As I was preparing to begin my career with UNHCR in 1992, I was in Bulgaria as a US Peace Corps, Associate Country Director for Administration. I had received a letter from UNHCR confirming my appointment to a post in Cox Bazaar, Bangladesh. Just before I departed Sofia in May 1992, I received orders changing my assignment to Sarajevo, Bosnia and Hercegovina (where the nearby European conflict, was resulting in millions of residents fleeing from their homes in former Yugoslavia (but this is a story for another day).
Background to THIS refugee crisis: Bangladesh has hosted refugees fleeing across the border from Myanmar (Burma), on a number of occasions (including in 1992 when I was first assigned to work in Cox Bazaar). Bangladesh has improved its living standards in recent years due to globalization, but still ranks among the poorest nations.
Since the latest conflicts in Myanmar causing almost 900,000 people to flee for their lives, beginning in August 2017, UNHCR has been grateful to the Government of Bangladesh for its generosity and leadership shown to host the massive influx fleeing from violence.
Allow me to digress briefly to show you what young children in Myanmar stated is important in their lives. The American Red Cross and Myanmar Red Cross are helping communities in Myanmar stay safe empowering students and teachers with lifesaving skills and equipment so they can take action in the face of emergencies such as earthquakes, tsunamis, cyclones, floods and fires. https://vimeo.com/352083091 (More than half of the 900,000 who fled Myanmar since 2017 were children)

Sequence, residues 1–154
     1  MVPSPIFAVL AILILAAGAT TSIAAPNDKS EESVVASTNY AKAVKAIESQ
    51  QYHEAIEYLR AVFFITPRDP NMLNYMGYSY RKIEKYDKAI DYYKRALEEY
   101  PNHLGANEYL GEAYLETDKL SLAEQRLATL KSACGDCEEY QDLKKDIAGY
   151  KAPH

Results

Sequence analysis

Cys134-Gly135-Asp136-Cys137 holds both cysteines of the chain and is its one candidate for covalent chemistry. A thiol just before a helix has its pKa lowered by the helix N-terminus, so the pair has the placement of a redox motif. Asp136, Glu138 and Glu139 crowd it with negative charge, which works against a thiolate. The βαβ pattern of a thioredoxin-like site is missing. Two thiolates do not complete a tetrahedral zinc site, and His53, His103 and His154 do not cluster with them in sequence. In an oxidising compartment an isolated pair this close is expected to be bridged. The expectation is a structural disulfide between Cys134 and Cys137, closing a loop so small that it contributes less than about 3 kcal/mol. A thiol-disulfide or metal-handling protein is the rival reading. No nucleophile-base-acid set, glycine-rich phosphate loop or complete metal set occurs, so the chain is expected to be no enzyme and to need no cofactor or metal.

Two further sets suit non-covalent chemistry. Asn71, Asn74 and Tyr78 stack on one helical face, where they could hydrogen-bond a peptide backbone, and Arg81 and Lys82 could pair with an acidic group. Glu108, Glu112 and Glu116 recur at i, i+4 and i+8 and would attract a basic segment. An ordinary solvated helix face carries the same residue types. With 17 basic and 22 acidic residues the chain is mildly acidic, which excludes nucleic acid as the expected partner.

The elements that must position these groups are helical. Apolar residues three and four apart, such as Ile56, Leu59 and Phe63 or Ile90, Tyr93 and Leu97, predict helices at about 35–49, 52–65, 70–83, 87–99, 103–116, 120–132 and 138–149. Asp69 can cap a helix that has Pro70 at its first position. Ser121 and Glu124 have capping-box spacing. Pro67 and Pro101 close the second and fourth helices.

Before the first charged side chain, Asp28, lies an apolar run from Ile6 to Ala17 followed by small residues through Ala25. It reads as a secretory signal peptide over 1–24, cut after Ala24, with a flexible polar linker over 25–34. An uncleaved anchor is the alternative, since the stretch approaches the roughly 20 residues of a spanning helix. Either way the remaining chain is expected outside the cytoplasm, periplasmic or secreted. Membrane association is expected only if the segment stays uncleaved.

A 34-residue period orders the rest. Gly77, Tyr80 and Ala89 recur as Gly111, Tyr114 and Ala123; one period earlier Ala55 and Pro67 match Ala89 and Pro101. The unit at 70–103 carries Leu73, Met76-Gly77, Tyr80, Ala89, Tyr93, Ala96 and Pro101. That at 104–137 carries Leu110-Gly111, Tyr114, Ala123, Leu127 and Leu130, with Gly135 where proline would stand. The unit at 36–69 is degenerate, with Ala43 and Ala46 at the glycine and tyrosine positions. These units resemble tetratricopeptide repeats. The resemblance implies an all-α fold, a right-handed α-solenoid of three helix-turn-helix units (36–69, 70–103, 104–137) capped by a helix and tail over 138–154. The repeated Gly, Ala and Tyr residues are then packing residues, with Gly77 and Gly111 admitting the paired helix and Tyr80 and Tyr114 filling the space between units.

Last week, on August 20, USA for UNHCR hosted a video conference with Steve Corliss, UNHCR’s Representative in Bangladesh. Steve and I worked together in UNHCR. He began his career as a Junior Professional Officer (a post funded by the US government aimed at helping young professionals from the US secure UNHCR jobs. – Are you seeking global career opportunities, then spend some time researching applications to become a Junior Professional Officer).
(Note: when I traveled to Thailand in 2019 with my Arlington Rotary Club colleagues, I arranged for us to receive from UNHCR Regional Office in Bangkok staff a one hour briefing on then-current conditions related to Rohingya refugees from Myanmar in Bangladesh. Rotary Clubs in our area are involved in many global activities…)
Steve spoke about ‘self-worth, and the importance of dignity and self-respect’. Refugees in Bangladesh want to go back. Parents are urging curriculum in their local languages in the camps. BUT schools are now closed, and only ‘home-based’ education is available in camps. There is NO INTERNET in camps today as the government can turn it off. BUT the government is planning to fully restore it to the camps.
There is drone footage of the camp areas. (Have any IE students taken a look? Hint: check for the elephant towers (which are helping to protect migratory paths of the animals, while not interfering with camp live).
Refugees are seeking pathways to citizenship in Myanmar. I wonder whether it might be possible for our IE students and young professionals to gain some skill sets and experiences that might both aid their career development, AND assist refugee children in Bangladesh who Need assurance of peace and trust for safe returns…. My question to you how: CAN Inland Empire STUDENTS AND YOUNG PROFESSIONAL PLAY A ROLE IN HELPING SET THE CONDITIONS FOR SAFE RETURN?
Steve Corliss was asked: What advise would you give to someone who wants to work with refugees in the future? Create history of engagement – try to work abroad. IRC, Save the Children, World Vision first bit of experience that creates the track record. Learn languages (let me know if you would like to watch the full video presentation)